From the Worldwide Faith News archives

Episcopalians: NCC delegation returns from Iraq with warning against war

Date Fri, 10 Jan 2003 11:03:48 -0500

January 10, 2003


Episcopalians: NCC delegation returns from Iraq with warning 
against war

by James Solheim

(ENS) A 13-member delegation of church leaders returned from a 
four-day humanitarian visit to Iraq at the end of 2002 with a 
warning that a war would make the United States less secure and 
result in widespread suffering and death for many innocent 
people. The delegation was formed in response to an invitation 
from the Middle East Council of Churches and was led by the Rev. 
Bob Edgar, general secretary of the National Council of 

"We believe the entire region, including Israel and the United 
States, will be at greater risk of terrorism if war takes 
place," the delegation said in a January 3 statement "Sowing the 
Seeds of Peace." The statement also argues that "a preemptive 
war would be immoral, illegal and theologically illegitimate and 
profoundly violates our Christian beliefs and religious 
principles." Participants pledged to meet with leaders of 
Congress and the Bush Administration, as well as United Nations 
Security Council members, to support humanitarian aid for Iraqi 
citizens, especially children.

"Ours is a religious and not a political delegation," the 
statement said. "We came to see the faces of the Iraqi people so 
that the American people can see the faces of children laughing 
and singing and also hurting and suffering.We are called by God 
to be peacemakers. War is not inevitable and can be averted, 
even at this moment."

Heartbreaking stories

The delegation visited schools and hospitals and "saw for 
ourselves the devastating impact of 12 years of sanctions on the 
people of Iraq. We touched babies suffering illnesses that can 
be prevented by proper medication currently unavailable to the 
people of Iraq," the statement reported. United Nations 
officials "shared heartbreaking stories of malnutrition, disease 
and hunger with us."

The delegation prayed with Christians and Muslims in the 
birthplace of Abraham, the patriarch of Judaism, Christianity 
and Islam. Only three or four percent of Iraqis are Christian. 

"On the street and in informal settings we experienced the 
spontaneous warmth, hospitality and openness of the Iraqi 
people," the statement said, concluding with an admonition 
offered by the Metropolitan of the Syrian Orthodox Church: 
"Together we must sow the seeds of peace and let God water and 
nurture the seeds."

The delegation also met with Iraqi Deputy Prime Minister Tariq 
Aziz and asked "pointed questions" about the human rights 
situation in Iraq, the opportunities for dissent and criticism 
of the government, and choices made by the government with the 
resources available to it, making it clear that "we do not 
support authoritarian governments." Aziz is a Chaldean Catholic 
Christian who, according to local church leaders, attends church 
several times a year. His wife is a very devout and active 
member of the Syrian Orthodox Church.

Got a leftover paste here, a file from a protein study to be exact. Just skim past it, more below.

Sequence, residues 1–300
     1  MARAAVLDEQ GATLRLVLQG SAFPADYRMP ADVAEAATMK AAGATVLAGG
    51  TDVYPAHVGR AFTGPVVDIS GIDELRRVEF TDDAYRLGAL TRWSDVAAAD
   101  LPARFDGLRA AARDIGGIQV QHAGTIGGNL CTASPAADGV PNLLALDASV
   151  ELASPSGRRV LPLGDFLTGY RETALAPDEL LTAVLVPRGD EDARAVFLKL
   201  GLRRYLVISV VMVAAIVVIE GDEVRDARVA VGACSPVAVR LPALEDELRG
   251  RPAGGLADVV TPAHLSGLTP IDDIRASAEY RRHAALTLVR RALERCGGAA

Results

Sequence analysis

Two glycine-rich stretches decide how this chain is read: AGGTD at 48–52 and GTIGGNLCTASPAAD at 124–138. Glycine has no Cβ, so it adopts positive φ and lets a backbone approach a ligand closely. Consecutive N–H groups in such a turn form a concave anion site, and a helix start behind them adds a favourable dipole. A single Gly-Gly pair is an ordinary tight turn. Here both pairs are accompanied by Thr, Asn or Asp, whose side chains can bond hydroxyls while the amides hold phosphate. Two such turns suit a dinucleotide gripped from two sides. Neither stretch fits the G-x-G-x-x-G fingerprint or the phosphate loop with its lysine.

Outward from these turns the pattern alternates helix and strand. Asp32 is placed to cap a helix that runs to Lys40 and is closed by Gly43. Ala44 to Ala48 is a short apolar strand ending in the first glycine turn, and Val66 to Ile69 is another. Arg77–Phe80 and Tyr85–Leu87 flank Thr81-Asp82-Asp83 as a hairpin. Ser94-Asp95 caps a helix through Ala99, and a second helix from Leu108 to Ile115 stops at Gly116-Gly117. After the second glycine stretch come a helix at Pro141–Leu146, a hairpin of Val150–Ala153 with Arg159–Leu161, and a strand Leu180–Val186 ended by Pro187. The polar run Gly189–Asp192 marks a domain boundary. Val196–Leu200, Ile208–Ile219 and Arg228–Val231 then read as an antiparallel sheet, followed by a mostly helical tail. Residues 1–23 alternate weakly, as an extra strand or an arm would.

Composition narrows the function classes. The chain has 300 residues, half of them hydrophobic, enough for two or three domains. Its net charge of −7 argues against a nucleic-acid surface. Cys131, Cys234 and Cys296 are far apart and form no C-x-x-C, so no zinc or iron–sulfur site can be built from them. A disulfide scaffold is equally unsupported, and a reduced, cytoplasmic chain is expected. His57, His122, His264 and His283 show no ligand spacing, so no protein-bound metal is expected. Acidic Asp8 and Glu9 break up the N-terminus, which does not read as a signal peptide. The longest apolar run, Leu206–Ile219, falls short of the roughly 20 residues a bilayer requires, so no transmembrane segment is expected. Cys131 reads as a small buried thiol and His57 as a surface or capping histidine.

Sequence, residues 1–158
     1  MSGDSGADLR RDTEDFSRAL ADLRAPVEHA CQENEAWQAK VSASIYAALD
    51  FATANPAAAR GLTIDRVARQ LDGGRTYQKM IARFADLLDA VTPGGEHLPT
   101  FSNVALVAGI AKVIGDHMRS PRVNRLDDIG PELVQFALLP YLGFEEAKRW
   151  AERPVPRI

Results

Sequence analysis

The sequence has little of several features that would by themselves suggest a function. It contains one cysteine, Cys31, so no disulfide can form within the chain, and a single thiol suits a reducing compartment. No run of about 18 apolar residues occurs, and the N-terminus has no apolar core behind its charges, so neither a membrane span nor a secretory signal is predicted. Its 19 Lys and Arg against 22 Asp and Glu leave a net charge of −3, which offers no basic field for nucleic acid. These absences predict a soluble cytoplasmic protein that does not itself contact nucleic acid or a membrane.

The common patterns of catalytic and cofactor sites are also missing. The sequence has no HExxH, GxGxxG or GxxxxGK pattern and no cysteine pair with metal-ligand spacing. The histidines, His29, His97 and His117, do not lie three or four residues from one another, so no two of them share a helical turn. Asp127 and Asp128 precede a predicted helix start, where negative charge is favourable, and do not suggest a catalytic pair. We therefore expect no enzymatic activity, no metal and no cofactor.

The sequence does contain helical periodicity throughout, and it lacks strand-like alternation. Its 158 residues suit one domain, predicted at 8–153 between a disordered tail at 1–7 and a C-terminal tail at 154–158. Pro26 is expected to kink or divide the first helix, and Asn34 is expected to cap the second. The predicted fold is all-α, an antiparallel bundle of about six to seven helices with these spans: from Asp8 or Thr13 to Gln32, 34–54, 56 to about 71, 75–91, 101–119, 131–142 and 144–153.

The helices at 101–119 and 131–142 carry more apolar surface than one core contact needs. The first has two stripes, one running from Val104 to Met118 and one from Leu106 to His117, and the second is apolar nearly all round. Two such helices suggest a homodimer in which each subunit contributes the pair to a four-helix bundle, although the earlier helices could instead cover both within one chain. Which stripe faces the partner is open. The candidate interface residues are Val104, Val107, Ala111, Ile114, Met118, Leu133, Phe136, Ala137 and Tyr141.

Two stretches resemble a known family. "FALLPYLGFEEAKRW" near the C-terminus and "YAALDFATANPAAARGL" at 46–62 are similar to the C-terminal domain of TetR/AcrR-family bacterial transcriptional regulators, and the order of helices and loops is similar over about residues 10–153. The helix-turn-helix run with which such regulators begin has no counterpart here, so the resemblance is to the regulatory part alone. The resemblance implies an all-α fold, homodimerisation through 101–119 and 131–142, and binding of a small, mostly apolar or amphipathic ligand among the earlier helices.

The threat of war

Ginger Paul of Louisiana, who represents the Episcopal Church on 
the executive board of the NCC, said that she and other members 
of the delegation were "appalled at the conditions for children 
in the hospitals and schools." She said it was clear that the 
Iraqis blame the situation on the sanctions imposed by the 
United Nations following Operation Desert Storm, the Gulf War in 

"The possibility of war is on the minds of everyone," Paul 
reported, "and almost everyone we met pleaded for us to help 
prevent it. One woman reminded us that they have been at war for 
over 20 years." A Christian woman told the group that she had 
lived through the other wars and expected that she would live 
through another war, expressing a kind of resignation, according 
to Paul. Iraqis kept asking members of the delegation, "Why is 
war necessary at this time?" Some said it was for reasons of 
revenge, oil, support for Israel or a desire of the Americans to 
exercise control over the region.

During a visit to a hospital for infants and children, "we 
entered wards with very sick children, some of them dying," Paul 
added. "But the mothers smiled at us and held out their babies 
to touch. It was a very profound, non-verbal connection--one 
that happened everywhere." The group's itinerary was closely 
monitored and "none of us had any illusions about whether we 
were going to get a complete picture of the situation," said 
Paul. "But we did our best in such a short time to put a human 
face on the issue."

Edgar said that he returned from Iraq "committed more than ever 
that our churches are right in opposing the war. It just doesn't 
meet the 'just war' criteria." He is also convinced that the 
children of Iraq will suffer the most. "They will be the biggest 
casualties. This war would have far more impact on ordinary 
civilians than did the Gulf War."


--James Solheim is director of Episcopal News Service. 
Additional information and photos on the Iraqi visit are 
available on the NCC web site at

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